Every clear night, automated digital cameras on LINEAR’s telescopes image large sections of the sky accessible from the New Mexico site. Five frames of each section are collected over a two-hour period. A 6 cm x 5 cm CCD chip in each camera acts as an electronic photographic plate, but is a hundred times more sensitive, so long exposures are no longer needed. When photons of light hit a grid of sensors on the CCD, the asteroid’s brightness can be captured, quantified, and analyzed much more precisely than with a photograph. Also, because the CCD output is digital, LINEAR’s computers can find asteroids in it immediately.
LINEAR takes upwards of 6,000 frames per night and can cover all the available sky in a month. Objects moving with unusual speeds or directions are flagged as “interesting”: potential near-Earth objects. The nightly lot of positional data is then handed over to the MinorPlanetCenter. So far, LINEAR and the several other large sky surveys have found 700 km-and-up asteroidsan estimated 60 percent of the objects in the Congressional mandate.
Each day, the Minor Planet Center computes orbits for every single object reported from observatories worldwide. “It takes probably 6 to 10 images over several nights to determine an orbit,” says Spahr. “And to make a prediction of how close that could come to Earth in the future, we need more observationsover several weeks or months.”
Minor Planet Center posts the initial orbit solutions of a few dozen of the new “interesting” objects online per month. That way, astronomers at universities and amateur observatories--often one person sitting in their den, checking their backyard telescope via computer--can follow up with more observations. If LINEAR is the bulldozer in a gold mine, these smaller outfits are the pan-sifters, pointing their smaller-field-of-view telescopes at the right patches of sky to track intriguing objects.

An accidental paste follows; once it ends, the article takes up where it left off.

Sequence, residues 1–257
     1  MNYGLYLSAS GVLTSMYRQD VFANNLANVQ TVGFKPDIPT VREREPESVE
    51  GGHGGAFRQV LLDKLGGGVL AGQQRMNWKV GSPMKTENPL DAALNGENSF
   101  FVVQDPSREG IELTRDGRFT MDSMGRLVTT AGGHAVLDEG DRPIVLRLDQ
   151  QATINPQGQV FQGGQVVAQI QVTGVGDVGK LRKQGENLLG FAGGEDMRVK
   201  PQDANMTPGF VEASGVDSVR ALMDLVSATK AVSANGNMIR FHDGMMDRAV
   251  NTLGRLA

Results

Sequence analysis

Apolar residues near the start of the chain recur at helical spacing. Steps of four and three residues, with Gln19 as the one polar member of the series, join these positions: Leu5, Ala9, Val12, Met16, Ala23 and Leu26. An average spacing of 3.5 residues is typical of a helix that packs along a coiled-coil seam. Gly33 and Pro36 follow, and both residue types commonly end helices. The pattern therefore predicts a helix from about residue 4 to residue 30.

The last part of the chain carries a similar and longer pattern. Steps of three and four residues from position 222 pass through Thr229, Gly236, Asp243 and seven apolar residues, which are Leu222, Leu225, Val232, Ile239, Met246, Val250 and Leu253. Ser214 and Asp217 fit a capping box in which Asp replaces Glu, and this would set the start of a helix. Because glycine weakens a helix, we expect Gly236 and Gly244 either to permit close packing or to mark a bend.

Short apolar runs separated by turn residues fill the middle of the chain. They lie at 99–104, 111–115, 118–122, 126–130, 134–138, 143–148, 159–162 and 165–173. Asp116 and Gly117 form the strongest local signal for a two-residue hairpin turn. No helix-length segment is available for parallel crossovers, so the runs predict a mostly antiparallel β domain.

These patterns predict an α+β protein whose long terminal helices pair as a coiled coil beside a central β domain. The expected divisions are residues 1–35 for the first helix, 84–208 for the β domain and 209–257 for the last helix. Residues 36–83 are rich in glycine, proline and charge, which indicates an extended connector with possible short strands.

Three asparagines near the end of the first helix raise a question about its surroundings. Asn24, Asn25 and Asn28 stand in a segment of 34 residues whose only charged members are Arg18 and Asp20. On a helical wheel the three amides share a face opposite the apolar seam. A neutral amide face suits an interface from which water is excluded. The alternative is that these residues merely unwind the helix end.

The longer the baseline of observations, the more accurate the orbit calculations get. “We can, of course, observe a new object in the future,” says Marsden. But for near-Earth objects, “astronomers are often impatient to find out whether there really is a danger to Earth. So it helps a lot if we can find images of them on old photographic plates.”
“Over geologic time there's a hundred percent chance of a very large asteroid impact on Earth,” says Stokes. “But will it happen in the next hundred years, in the next couple of hundred years? It's highly unlikely.” Still, the risk is clearly worth the government funding projects like LINEAR and the Minor Planet Center. If an object is found to be Earth-bound for certain, the save-the-world idea is that we’d somehow nudge it off course before it has a chance to arrive.
“Suppose that $3 million does ensure us against a really large object that would put an end to the human race,” suggests Marsden. “Well, the world’s gross product is about $30 trillion, so here we're spending $3 million to save $30 trillion. That's a pretty good insurance rate.”
Sixty-five million years ago, an asteroid half as long as Manhattan slammed into the tip of Mexico’s Yucatan Peninsula, forming a crater near the present-day coastal village of Chicxulub. Also about 65 million years ago, half of all the plant and animal species alive at the time--including dinosaurs--died out. Coincidence? AMNH geologist Dr. Denton Ebel doesn't think so. His latest research, conducted with the University of Chicago's Lawrence Grossman, also adds never-before-proven details about the impact.
Can you see the Chicxulub crater?
It’s mostly offshore, but a tiny bit is on the peninsula. You can actually see this edge from space, but it’s very subtle. The crater is huge. It’s the second-largest on the planet. The asteroid itself would have been about 10 kilometers in diameter to make that crater. Compare that to Mount Everest, which is 7 kilometers high. When the tip of this asteroid was hitting Earth, its top end was up past where you can breathe.
Clearly there’s no asteroid there now. So besides the crater, what evidence do scientists have that one struck?
In the early 1980’s, geologist Walter Alvarez was looking at the fluctuations of meteorites hitting Earth over geologic time. His father, a Nobel-Prize-winning physicist, helped. They went to Italy to study layers of earth sediment, looking for trace elements that are rare on Earth’s surface but common in meteorites. They were surprised to find a significant spike of iridium [an element abundant in some asteroids] in one sediment layer. Since layers of sediment can be dated, the iridium layer turned out to have been deposited 65 million years ago. The Alvarez team figured a giant asteroid impact at that time was responsible.